Cisco Invites Cloud Application Developers Into Intercloud Fray

Company is adding cloud applications into the mix with a new marketplace of Intercloud-ready apps and APIs for developing apps in the world of hyper-distributed IT

Jason Verge

June 10, 2015

3 Min Read
Cisco Invites Cloud Application Developers Into Intercloud Fray
Cisco UCS gear installed in a data center (Photo: Cisco)

Cisco announced several initiatives focused on cloud application development, including a new marketplace and APIs for cloud services.

The company’s Intercloud focus has been connecting enterprises with cloud service providers. Now, it’s adding an applications and development focus into the mix, connecting all three groups (service providers, app providers, and consumers) with one another, all atop Intercloud. The marketplace lists best-of-breed applications that work within the Intercloud vision, while the new APIs help developers build apps for what Cisco calls the hyper-distributed IT world.

The company has built out a partner network of cloud service providers and is now building a network of cloud application service providers that work on the same Cisco fabric. The marketplace will act as the front end of this ecosystem.

The aim is to give enterprise consumers a list of best of vetted apps that can freely move across Cisco's Intercloud network, bringing their individual security policies along. The marketplace launches with 40 application partners, two examples being enterprise Hadoop players MapR and Hortonworks.

“This is a curated marketplace,” said Michael Riegel, Cisco’s vice president of Internet of Everything. “It consists of key apps that they need for problems they need to solve.”

To stimulate application development within Intercloud, the APIs are there to help developers build around hyper-distributed IT and Big Data, in other words, APIs to make applications good candidates for Cisco's larger vision. Cisco is also developing unique APIs, such as its cloud services router or CSR.

"Not only will we have APIs for network and control, we’ll also make our own cloud services,” said Riegel.

The idea of siloed enterprises is going away as we enter the age of hyper-distributed IT. As end-user businesses tap into an increasing amount of cloud services and data, most customers think they use five to 10 cloud services, when the reality is closer to 675, according to Cisco.

Sprawl is what the company is really trying to solve, said Riegel. All the cloud services coming in and out of the enterprise are growing by 17 percent annually. Shadow IT isn’t something that’s going to happen in the future, it’s something that is already happening. The average CIO has a better handle on what’s occurring, with the average CIO stating their business uses approximately 40 cloud services rather than the 5-10 estimated by other executives. However, 40 is still very much off from 675.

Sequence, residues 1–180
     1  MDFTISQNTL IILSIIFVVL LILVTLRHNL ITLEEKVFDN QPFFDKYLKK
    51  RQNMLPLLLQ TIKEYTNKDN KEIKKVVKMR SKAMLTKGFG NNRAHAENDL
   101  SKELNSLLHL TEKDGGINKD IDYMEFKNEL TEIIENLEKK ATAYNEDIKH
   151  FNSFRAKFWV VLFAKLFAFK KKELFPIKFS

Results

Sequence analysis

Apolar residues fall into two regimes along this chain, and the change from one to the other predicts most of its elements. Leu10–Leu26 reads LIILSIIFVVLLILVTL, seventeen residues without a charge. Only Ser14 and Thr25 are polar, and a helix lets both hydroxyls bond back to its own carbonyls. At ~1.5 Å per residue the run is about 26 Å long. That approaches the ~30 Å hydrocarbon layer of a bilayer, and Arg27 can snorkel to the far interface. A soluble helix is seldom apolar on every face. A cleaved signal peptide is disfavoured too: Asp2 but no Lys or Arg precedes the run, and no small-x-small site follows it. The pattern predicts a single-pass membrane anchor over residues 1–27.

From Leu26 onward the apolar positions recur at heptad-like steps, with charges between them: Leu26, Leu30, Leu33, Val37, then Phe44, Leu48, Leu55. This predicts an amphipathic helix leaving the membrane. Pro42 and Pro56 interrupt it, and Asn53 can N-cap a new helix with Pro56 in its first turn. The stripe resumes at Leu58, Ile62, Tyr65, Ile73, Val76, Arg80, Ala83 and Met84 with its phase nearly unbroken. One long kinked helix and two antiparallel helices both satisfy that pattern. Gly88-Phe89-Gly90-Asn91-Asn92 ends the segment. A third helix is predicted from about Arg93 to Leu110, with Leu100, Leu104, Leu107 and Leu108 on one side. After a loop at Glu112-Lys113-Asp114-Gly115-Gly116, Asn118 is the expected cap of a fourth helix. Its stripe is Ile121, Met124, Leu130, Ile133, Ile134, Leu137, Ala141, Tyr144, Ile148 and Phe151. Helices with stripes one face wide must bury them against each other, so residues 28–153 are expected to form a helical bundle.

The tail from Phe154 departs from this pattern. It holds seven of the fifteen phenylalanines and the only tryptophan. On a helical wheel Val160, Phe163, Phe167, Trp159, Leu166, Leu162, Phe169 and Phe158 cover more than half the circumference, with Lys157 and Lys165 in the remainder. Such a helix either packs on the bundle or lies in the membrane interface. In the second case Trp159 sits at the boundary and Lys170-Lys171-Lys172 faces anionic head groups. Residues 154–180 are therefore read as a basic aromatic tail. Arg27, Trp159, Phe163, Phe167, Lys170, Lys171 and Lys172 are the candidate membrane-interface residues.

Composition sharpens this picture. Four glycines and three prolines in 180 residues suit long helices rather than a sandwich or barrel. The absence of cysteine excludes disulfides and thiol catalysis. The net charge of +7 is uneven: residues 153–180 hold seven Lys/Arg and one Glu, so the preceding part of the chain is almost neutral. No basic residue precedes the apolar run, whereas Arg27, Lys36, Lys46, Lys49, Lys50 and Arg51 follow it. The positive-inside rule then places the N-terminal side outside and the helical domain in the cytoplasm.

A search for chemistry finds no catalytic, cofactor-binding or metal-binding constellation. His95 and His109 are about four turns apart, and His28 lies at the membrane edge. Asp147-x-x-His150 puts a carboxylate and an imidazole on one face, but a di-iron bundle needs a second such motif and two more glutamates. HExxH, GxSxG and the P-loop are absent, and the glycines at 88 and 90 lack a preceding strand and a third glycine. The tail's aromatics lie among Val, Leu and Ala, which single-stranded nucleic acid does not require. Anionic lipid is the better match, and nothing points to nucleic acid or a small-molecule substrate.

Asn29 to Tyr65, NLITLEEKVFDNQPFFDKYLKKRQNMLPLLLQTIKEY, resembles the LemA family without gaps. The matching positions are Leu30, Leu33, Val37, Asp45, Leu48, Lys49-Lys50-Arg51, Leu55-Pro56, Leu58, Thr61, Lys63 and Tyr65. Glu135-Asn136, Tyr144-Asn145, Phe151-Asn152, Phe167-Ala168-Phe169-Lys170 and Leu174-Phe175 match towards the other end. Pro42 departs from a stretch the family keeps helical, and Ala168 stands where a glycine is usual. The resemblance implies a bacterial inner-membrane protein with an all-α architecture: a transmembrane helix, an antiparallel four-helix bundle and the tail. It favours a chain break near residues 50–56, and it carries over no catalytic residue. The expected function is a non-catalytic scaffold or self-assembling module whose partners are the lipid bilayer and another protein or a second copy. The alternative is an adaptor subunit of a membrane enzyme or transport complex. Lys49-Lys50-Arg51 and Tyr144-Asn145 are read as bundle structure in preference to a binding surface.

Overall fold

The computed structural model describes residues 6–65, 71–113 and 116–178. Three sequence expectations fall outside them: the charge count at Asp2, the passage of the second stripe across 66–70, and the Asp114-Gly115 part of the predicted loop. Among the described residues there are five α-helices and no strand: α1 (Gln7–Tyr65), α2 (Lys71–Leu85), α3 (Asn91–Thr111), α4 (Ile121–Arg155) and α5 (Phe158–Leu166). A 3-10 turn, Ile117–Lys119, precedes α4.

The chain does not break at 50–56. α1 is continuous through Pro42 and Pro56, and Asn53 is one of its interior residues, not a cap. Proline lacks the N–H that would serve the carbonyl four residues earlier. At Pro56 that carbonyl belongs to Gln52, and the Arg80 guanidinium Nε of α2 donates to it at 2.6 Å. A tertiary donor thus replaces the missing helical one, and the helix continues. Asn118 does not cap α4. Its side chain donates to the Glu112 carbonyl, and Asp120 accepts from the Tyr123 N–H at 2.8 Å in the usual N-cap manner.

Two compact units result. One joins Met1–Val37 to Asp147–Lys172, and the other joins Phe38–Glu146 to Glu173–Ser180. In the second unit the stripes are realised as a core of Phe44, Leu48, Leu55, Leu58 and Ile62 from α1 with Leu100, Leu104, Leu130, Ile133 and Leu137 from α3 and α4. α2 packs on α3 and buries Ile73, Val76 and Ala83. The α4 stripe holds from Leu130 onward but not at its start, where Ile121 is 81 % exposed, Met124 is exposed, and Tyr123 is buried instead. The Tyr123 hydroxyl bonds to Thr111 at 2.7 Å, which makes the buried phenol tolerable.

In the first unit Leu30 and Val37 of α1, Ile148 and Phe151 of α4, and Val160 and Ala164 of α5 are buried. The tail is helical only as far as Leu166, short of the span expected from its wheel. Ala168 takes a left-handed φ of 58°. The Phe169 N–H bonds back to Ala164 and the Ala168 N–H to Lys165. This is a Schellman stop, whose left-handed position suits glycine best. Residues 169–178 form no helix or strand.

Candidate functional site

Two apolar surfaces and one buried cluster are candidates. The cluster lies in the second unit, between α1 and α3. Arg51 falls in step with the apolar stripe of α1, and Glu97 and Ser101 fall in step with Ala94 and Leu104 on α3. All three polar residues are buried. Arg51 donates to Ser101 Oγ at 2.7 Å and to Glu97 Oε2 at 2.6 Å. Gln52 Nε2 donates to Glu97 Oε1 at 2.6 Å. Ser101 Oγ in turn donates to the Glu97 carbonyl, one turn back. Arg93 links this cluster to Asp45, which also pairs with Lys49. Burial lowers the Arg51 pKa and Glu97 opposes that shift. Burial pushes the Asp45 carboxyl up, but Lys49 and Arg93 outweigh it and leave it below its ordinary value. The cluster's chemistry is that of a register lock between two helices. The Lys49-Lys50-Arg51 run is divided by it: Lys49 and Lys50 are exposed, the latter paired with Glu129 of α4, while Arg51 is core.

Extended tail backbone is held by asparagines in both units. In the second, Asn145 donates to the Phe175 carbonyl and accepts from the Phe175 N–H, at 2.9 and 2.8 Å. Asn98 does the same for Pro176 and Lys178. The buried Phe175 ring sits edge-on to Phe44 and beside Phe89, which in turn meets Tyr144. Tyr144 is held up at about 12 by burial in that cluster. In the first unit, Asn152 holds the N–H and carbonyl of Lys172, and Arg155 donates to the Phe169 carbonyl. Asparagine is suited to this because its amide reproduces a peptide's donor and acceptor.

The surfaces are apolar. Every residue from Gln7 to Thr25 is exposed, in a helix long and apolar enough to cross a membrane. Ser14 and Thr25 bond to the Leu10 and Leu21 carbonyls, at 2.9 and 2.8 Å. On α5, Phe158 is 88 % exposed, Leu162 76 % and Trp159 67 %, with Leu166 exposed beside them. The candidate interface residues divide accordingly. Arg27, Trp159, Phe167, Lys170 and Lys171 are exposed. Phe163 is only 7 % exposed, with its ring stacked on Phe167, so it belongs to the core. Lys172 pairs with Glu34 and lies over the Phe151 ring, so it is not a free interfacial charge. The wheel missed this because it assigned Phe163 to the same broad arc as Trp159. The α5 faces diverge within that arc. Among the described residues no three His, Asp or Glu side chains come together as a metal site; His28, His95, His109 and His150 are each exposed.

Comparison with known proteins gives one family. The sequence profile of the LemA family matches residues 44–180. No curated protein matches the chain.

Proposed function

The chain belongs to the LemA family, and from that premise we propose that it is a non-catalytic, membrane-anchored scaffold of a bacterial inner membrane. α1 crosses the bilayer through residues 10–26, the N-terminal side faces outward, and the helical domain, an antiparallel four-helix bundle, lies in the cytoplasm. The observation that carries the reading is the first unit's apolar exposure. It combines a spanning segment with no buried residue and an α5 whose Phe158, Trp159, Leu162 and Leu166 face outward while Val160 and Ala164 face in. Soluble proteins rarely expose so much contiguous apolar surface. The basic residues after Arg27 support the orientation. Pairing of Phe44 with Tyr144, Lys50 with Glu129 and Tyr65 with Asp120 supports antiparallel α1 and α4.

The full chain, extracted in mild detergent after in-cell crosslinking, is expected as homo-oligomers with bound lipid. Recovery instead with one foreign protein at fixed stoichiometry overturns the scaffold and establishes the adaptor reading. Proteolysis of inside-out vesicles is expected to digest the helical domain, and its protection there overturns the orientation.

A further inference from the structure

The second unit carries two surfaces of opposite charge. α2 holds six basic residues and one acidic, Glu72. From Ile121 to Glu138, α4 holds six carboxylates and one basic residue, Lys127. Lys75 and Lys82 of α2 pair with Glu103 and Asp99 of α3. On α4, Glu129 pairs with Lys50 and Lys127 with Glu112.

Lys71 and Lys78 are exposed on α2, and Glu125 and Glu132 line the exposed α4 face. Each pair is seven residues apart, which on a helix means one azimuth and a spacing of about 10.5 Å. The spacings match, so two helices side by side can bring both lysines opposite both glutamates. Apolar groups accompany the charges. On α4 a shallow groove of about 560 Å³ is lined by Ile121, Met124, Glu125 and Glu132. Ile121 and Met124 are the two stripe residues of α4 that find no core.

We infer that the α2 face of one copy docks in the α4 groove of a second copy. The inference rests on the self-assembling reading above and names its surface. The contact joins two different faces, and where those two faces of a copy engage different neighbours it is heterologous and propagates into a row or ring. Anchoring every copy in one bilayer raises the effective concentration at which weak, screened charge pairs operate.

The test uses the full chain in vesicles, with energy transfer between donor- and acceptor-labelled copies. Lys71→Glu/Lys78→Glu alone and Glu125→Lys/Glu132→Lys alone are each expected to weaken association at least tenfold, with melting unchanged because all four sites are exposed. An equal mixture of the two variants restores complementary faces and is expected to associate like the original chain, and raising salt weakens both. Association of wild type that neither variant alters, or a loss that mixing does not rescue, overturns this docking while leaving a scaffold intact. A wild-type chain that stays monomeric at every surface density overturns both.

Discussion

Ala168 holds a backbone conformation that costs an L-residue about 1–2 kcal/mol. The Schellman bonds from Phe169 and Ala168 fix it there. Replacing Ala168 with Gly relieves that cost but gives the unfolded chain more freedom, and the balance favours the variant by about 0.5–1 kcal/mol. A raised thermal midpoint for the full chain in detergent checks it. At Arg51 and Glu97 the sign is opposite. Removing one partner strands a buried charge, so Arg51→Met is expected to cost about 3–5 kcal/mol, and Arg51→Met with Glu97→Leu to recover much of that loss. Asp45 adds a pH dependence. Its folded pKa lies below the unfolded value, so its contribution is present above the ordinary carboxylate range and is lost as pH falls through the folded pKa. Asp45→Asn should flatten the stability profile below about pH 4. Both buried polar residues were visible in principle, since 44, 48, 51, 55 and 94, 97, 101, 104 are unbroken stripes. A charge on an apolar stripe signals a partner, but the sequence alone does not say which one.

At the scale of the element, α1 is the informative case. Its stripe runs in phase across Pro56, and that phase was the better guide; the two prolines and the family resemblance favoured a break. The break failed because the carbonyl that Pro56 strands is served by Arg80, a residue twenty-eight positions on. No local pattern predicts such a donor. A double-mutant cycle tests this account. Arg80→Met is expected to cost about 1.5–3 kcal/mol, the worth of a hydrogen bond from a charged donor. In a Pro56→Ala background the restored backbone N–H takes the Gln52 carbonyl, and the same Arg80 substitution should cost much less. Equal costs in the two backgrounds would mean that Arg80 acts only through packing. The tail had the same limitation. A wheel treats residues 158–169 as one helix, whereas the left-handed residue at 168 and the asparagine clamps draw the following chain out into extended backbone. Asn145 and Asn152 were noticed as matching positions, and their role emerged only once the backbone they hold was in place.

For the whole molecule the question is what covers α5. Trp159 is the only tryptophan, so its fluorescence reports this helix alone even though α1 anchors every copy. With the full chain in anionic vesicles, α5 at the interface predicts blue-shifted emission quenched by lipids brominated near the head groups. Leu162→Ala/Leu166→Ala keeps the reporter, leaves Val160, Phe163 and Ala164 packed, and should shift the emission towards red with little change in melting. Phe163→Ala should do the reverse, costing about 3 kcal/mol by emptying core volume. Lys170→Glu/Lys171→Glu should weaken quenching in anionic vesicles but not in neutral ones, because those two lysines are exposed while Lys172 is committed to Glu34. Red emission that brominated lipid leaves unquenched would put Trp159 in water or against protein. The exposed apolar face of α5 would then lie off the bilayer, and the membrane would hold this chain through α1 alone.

Coupled with the explosion of connected devices, Cisco is seeing a hyper explosion of applications, data, and things at the edge of the network. It's Intercloud strategy is around connecting this distributed world. The initial focus was connecting cloud service providers and becoming a cloud of clouds. Now, Cisco is delving deeper into applications.

Cisco owned the network in the early days of the internet, and its strategy with cloud is to play a similar role. As enterprises become hyper-distributed, the network will need to support enterprise policies in a different way.

“IT today is filled with disparate islands of clouds," said Riegel. "A-tightly knit ecosystem of trusted partners – as Cisco has engaged – provides far greater infrastructure and application choice, greater industry expertise and better geographic coverage than any single vendor could."

In the backdrop, connectivity is skyrocketing, said Riegel, from 300,000 things an hour to 50 billion by 2020, with 2 billion more connected people. The growth of connectivity is creating a world about hyper-distribution, he said.

Cisco has 350 data centers in 50 countries, according to Riegel, and it will continue to add resellers and cloud builders as a big focus. Across those 350 data centers, different partners like Telstra are building data center capabilities for cloud to have seamless interconnectivity to cloud. By solving connectivity issues in the hyper-distributed IT world, Cisco is essentially connecting all clouds in its fold.

Cisco this week also announced it has upgraded the operating system used across its data center switches to enhance software-defined networking capabilities. Ahead of Cisco live, the company announced its acquisition of Piston Cloud Computing to boost its capabilities around private OpenStack clouds.

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